But other than a guarantee of sorts to find Top Men to appoint as prosecutors and investigators, Trump didn’t offer much in the way of solutions. The fact is that law enforcement is mostly a state and local issue, and it’s better if it stays that way. Trump said the country becomes safe as soon as he’s inaugurated, which was nonsense. But it did give off a strong odor of Richard Nixon’s law-and-order campaign in 1968 and his emphasis on the “silent majority” seething at the demonstrations of that time.

There is an opportunity to play that card as a Republican candidate this year, no doubt. But why didn’t Trump fully exploit it? Why didn’t he bring up Loretta Lynch, the corrupt and lawless Attorney General, and her predecessor at the Department of Justice? He could have talked about the Obama administration’s incessant demands for gun control while federal gun law prosecutions are down 40 percent. He could have talked about the war on cops in this country while Obama meets with Black Lives Matter honchos. And he could have tied this support for lawlessness into Clinton’s e-mail scandal to show just how far it goes, particularly given Hillary’s suggestion that Lynch might remain in her job were the Democrat to win.

Running as Nixon isn’t the worst thing in the world, but you need to paint the opposition as Lyndon Johnson or George McGovern to do it. Trump didn’t, and he’s going to get called a fascist as a result. Which he has less of a defense for since there was very little he offered that looked like limited government.


Simplistic-Weapon-12-Battle-Axes-in-Saltire – In case you’re wondering about Ted Cruz and a possible endorsement of Trump down the line, don’t. There won’t be one.

According to Trump, that is, because Trump says he wouldn’t even accept it if it was offered.

“If he gives it, I will not accept it,” Trump, the GOP presidential nominee,  said at a Friday morning press conference in Cleveland.

“He’ll come and endorse in the next little while because he has no choice,” Trump added. “I don’t want his endorsement. Ted, stay home, relax, enjoy yourself.

“Honestly, he should have done it, because nobody cares, and he would have been in better shape four years from now — I don’t see him winning anyway frankly, but if he did it’s fine. Although maybe I’ll set up a Super PAC if he decides to run,” he added.

One of two things is true here – either Trump is attempting to personally destroy Cruz in an effort to move him out of a position to challenge The Donald in a 2020 primary race (should Trump win in November), or Trump is attempting to marginalize conservatives altogether. The fact that he had delegates cheering unquestionably anti-conservative positions during the week might make him think he’s destroyed the movement.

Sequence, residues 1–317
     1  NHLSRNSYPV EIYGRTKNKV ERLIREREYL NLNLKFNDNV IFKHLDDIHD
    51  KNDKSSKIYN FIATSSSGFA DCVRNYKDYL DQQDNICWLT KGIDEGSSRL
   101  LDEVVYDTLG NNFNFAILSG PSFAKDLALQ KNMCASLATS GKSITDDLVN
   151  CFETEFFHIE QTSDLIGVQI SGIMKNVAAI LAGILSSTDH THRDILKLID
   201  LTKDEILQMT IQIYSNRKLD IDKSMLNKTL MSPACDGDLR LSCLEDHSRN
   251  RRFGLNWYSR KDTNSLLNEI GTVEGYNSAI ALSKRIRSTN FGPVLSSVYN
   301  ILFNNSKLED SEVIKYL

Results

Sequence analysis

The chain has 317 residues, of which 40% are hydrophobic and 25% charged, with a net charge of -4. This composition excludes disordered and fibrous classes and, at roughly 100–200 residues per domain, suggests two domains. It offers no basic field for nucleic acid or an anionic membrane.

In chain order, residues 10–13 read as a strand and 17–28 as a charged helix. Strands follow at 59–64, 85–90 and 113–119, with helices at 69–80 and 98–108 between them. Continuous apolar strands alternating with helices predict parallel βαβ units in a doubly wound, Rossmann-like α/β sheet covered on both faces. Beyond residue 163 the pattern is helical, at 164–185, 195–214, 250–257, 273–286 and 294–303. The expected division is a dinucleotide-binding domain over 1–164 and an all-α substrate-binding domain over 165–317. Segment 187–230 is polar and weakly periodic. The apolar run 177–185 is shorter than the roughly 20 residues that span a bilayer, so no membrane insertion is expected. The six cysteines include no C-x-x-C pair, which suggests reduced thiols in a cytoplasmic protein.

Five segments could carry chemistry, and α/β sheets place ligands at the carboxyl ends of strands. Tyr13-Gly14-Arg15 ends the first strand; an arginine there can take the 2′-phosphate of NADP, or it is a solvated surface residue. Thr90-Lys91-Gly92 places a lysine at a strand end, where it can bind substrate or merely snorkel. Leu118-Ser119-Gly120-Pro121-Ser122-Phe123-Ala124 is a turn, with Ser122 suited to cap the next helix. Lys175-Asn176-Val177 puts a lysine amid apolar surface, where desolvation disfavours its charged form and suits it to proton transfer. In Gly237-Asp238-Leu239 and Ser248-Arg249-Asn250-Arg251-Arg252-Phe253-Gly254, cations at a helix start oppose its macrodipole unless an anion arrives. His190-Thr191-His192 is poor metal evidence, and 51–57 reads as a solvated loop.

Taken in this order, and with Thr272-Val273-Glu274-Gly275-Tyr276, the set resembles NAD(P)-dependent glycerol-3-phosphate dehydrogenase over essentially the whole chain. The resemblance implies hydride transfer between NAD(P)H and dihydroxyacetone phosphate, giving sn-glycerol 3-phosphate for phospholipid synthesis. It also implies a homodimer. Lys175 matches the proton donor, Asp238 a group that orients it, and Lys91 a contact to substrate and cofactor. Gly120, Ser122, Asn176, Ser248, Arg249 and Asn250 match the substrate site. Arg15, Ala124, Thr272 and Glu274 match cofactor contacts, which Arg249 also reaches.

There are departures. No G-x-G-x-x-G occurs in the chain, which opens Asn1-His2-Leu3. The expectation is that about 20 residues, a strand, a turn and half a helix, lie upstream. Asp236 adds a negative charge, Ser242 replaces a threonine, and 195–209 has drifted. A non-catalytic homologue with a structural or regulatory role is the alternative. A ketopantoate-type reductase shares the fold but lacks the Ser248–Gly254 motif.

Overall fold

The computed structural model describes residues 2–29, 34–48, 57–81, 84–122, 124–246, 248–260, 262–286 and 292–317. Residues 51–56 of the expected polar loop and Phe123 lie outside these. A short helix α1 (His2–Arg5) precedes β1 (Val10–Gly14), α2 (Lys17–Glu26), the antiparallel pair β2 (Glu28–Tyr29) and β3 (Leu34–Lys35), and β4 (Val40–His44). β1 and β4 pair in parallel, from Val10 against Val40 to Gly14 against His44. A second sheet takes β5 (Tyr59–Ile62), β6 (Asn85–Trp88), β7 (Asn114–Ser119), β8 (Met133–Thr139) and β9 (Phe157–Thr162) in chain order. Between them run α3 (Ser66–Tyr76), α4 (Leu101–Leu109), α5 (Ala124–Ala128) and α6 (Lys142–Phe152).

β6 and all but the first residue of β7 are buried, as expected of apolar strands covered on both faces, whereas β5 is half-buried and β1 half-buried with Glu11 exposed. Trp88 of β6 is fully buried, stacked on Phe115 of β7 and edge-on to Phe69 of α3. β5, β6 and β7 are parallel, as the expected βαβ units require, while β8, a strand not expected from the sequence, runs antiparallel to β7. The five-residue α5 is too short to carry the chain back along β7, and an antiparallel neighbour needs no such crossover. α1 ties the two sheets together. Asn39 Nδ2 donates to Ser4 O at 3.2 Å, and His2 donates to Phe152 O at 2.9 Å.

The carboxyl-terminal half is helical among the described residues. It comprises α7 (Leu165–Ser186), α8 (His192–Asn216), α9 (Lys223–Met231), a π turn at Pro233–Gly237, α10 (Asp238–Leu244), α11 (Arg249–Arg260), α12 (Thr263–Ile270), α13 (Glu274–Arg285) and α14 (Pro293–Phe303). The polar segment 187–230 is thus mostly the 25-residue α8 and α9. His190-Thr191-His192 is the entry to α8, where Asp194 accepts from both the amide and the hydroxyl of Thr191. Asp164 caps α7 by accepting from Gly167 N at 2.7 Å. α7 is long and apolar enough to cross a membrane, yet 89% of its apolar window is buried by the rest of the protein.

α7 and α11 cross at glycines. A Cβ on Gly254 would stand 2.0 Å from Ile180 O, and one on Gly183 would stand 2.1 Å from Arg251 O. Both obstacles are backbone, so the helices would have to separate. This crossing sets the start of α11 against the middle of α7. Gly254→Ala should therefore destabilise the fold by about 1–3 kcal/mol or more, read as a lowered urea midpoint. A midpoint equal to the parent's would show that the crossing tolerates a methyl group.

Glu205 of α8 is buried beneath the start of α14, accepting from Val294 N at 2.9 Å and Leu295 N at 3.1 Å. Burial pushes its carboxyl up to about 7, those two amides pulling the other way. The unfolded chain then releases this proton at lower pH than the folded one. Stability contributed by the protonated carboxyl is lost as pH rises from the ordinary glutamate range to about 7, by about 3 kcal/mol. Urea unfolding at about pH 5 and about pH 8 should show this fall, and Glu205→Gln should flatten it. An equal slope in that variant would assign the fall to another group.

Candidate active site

But of course there are other conservative figures out there not named Ted Cruz who will be around even if Trump somehow were to silence or marginalize Cruz. Mike Lee isn’t going anywhere, and neither is Rand Paul, and neither is Ben Sasse. How Trump treats them going forward will be interesting.


Simplistic-Weapon-12-Battle-Axes-in-Saltire – I’m doing a column on this over the weekend at the American Spectator, but if you thought the Republican convention had a collection of goofballs on its speaker list, wait until you see the Star Wars cantina scene that unfolds next week in Philadelphia.

Among the clowns speaking are representatives of Mothers Of The Movement, a collection of women affiliated with Black Lives Matter whose sons were killed by police.

Chief among them is Lezley McSpadden, the mother of Michael Brown.

Matt Walsh gave a pretty good accounting of just how bad it is that she’s speaking at a national political party’s convention…

But we all know that these same people will conveniently forget their opposition to emotionally manipulative convention addresses when the mother of a brutal hoodlum who tried to assassinate a police officer speaks in front of an adoring crowd in a few days. I feel empathy for any mother who loses a child, but McSpadden is not a voice for peace or unity. Perhaps her message could have some positive impact if she admitted that her son got himself killed by his own actions and then urged other parents to teach their children discipline and respect so as to avoid her son’s awful fate, but that’s most emphatically not her message. She still claims that her son’s civil rights were violated and that the cop was a racist killer. In McSpadden’s view, her son apparently had the civil right to beat and throttle a police officer without fear of consequence.

It’s perhaps understandable that a mother would struggle to come to terms with the fact that her son’s death was his own fault — although it’s somewhat less understandable that McSpadden got into physical fights only days after the incident over who gets to sell Michael Brown merchandise, and that her husband stood up in front of protesters and urged them to “Burn this bitch down.” Still, the reluctance to confront the full reality of the situation can be forgiven. Lord knows what I would say if, God forbid, my son got himself shot and his last two acts on Earth were to violently rob a convenience store then set upon a police officer and savagely beat him for no reason. My only hope is that consistent, attentive, and competent parenting will prevent him from turning into the kind of young man capable of such wickedness.


– How about a Today’s Last Thing? We’re told that the new Star Trek: Beyond movie is terrific, and that’s believable since the first two flicks in the franchise’s reboot have been fairly solid.

A movie review, from Mr. Sunday…